The smell of wild animals awakens something deep inside Ginny, screams at her to leave this place and bring her baby in the making out of there, but there was a giant hand dropped on the two-way mirror, and maybe Tonks is alone, and Remus isn't... available. And what if Tonks is ill, and there's no one who can help her?

Ginny can't just leave Tonks and Teddy alone tonight, when no street is safe since they spotted Bellatrix Lestrange in Diagon Alley a few hours ago. That's why Harry is on duty with Ron and other people who are not pregnant with James Sirius.

With a foot on the first step, Ginny opens her mouth to call Tonks, but she shuts down even before her tongue moves because, she tells herself, maybe Tonks is sleeping. Ginny goes upstairs as silently as she can. She will check on Tonks, and if everything's fine, she'll go home. Tomorrow morning, she'll call the Lupins, and they'll laugh together of all of this.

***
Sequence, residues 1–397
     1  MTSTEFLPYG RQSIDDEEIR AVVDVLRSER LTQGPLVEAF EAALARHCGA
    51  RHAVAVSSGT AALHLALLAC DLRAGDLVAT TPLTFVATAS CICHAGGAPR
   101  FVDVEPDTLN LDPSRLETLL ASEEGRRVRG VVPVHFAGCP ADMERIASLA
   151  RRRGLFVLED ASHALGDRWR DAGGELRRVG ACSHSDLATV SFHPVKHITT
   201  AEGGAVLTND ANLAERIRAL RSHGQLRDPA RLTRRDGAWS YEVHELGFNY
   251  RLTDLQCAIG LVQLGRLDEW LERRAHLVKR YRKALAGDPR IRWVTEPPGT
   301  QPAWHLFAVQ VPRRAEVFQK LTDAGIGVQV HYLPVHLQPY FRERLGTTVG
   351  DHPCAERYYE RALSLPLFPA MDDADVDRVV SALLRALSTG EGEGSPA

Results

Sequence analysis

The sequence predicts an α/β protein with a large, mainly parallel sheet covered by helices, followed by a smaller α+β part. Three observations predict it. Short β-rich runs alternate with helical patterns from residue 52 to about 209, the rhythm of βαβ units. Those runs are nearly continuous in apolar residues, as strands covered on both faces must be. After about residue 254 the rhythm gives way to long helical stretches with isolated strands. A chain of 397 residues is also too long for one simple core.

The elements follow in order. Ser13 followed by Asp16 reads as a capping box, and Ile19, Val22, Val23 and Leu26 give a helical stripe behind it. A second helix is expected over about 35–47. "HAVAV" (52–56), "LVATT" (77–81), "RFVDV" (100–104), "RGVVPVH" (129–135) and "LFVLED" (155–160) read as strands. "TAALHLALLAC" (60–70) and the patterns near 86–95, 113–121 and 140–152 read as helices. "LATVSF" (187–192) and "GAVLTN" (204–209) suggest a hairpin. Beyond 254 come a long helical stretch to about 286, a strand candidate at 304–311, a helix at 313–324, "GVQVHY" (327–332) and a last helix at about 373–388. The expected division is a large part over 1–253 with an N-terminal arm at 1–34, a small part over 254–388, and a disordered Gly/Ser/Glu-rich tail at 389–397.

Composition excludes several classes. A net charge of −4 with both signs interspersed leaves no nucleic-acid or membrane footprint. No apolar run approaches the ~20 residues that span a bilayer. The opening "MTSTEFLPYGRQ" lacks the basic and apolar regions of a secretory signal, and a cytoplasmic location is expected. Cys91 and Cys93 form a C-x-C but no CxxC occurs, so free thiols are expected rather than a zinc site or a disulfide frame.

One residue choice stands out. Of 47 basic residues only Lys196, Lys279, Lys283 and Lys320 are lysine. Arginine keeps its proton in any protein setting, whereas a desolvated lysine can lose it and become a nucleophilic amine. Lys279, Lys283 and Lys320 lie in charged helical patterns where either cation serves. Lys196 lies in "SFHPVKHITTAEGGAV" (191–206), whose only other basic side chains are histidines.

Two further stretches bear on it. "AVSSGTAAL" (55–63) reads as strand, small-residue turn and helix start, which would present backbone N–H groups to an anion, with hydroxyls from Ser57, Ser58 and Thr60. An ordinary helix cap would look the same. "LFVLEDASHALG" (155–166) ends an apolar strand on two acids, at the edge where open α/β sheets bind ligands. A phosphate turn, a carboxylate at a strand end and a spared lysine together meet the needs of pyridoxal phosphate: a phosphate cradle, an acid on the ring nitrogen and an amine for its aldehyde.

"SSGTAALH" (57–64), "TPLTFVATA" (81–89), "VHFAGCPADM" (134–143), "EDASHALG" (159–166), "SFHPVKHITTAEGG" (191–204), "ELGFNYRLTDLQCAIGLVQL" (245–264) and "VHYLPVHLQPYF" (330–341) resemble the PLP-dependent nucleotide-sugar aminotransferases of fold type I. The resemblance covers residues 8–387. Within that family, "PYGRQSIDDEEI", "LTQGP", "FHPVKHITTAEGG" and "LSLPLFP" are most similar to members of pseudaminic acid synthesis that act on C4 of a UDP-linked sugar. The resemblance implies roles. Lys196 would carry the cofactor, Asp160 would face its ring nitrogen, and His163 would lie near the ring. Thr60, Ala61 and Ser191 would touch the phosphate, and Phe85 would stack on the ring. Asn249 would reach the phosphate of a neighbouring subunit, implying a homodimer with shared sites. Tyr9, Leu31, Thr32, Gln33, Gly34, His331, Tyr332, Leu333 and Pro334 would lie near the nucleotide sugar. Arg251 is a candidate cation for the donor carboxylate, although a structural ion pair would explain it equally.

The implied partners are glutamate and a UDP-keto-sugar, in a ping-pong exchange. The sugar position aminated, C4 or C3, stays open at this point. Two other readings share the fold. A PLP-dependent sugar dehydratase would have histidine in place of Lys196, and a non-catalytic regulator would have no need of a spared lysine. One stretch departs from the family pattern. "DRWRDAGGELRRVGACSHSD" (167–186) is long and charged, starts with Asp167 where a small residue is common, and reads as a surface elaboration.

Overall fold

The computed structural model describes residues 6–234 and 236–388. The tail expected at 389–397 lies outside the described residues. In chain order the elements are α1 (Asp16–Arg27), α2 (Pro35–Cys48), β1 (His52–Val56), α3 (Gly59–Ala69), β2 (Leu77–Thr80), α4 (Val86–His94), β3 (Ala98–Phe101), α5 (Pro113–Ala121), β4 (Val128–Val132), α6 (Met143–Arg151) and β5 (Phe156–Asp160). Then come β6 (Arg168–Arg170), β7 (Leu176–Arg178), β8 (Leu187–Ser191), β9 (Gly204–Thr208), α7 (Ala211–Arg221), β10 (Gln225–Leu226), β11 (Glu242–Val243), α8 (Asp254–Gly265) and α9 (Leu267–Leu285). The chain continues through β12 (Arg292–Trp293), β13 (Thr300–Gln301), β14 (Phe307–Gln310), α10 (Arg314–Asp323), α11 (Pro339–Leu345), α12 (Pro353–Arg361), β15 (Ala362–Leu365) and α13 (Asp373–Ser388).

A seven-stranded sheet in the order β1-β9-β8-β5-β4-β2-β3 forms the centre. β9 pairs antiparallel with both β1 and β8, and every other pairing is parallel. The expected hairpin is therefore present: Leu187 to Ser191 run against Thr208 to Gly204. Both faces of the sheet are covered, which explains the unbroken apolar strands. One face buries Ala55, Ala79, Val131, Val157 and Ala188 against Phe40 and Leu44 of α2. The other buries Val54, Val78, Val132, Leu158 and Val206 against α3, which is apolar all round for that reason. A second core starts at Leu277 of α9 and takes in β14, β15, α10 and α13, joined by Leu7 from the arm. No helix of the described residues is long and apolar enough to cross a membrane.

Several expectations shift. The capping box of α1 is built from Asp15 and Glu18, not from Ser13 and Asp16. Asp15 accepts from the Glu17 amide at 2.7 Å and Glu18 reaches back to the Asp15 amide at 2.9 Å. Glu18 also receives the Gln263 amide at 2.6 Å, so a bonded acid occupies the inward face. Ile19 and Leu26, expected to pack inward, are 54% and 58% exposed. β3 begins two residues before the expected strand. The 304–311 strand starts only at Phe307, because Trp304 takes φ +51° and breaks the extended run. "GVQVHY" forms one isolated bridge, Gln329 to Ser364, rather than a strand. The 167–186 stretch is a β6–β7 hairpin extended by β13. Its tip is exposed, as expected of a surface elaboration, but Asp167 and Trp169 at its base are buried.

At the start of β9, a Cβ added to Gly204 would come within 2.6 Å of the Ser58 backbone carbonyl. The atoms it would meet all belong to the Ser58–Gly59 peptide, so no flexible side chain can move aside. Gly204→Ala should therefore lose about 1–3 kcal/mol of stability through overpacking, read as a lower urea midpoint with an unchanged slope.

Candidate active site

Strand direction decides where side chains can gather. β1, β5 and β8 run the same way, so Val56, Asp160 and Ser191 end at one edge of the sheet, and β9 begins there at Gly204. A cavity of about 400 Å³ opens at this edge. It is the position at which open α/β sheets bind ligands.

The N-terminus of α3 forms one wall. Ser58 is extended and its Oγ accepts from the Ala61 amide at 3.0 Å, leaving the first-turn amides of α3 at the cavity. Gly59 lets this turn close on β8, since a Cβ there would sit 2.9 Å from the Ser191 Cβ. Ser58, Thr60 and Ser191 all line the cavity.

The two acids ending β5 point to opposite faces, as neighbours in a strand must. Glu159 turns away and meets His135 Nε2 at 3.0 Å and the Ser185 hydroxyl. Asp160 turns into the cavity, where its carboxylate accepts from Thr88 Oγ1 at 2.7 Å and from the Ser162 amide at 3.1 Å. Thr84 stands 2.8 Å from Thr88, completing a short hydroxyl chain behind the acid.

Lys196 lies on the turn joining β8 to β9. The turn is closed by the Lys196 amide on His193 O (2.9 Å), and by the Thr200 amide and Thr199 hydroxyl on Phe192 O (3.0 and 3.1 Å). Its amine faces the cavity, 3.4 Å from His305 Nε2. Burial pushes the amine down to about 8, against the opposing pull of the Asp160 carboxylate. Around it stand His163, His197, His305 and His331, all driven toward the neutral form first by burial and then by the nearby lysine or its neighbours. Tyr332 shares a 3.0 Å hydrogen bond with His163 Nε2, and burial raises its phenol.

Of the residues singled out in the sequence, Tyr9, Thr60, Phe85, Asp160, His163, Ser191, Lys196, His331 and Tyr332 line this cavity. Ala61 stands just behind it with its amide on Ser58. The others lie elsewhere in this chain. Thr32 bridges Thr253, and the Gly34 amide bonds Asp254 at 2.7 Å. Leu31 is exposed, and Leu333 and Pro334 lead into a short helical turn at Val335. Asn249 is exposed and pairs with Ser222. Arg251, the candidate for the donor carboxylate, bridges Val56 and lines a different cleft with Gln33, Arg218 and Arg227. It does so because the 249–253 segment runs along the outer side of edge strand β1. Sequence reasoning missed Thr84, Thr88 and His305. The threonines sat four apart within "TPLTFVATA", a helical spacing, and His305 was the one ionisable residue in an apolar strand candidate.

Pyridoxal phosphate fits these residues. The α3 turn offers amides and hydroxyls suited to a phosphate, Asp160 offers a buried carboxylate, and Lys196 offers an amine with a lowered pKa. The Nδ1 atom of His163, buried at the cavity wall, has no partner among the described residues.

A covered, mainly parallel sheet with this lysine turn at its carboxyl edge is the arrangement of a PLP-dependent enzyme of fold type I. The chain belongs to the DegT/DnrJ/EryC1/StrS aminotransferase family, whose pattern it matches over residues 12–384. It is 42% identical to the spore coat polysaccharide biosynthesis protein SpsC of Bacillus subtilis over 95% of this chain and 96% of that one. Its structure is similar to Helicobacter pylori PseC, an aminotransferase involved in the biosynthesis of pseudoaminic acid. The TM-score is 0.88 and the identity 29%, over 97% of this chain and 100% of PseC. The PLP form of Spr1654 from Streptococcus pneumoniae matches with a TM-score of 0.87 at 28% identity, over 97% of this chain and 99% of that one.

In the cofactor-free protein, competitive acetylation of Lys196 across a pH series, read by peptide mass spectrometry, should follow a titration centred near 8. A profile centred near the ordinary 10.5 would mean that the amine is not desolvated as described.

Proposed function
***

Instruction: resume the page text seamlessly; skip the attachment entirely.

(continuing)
She walks down the hallway, constantly alert, keeping her back to the wall—the war may be over, but nowhere is safe, especially now that Bellatrix Lestrange is on the loose.

Suddenly, creak, something hard is under her left foot. She can feel it even through the bottom of her shoe. Looking down, she sees shards of glass glowering and reflecting the moonlight.

She moves her right foot: creak, again.

She looks up; the window is shattered, its frames ripped down.

A windy night, Ginny thinks, her thoughts slowed down as if reaching her through a viscous material, her eyes fixed on the window. If it were a windy night

—she should be hearing the wind hiss and howl through the broken glass.

The smell of wild animals feels more pungent, more present, more important here

Gritting her teeth, she raises her wand and keeps going.

I should Disapparate, she thinks, disappear, go away. As far away as possible. James, inside her womb, really needs her to be cautious, but she has to think of little Teddy and Tonks too, a few rooms away, and if they're hurt…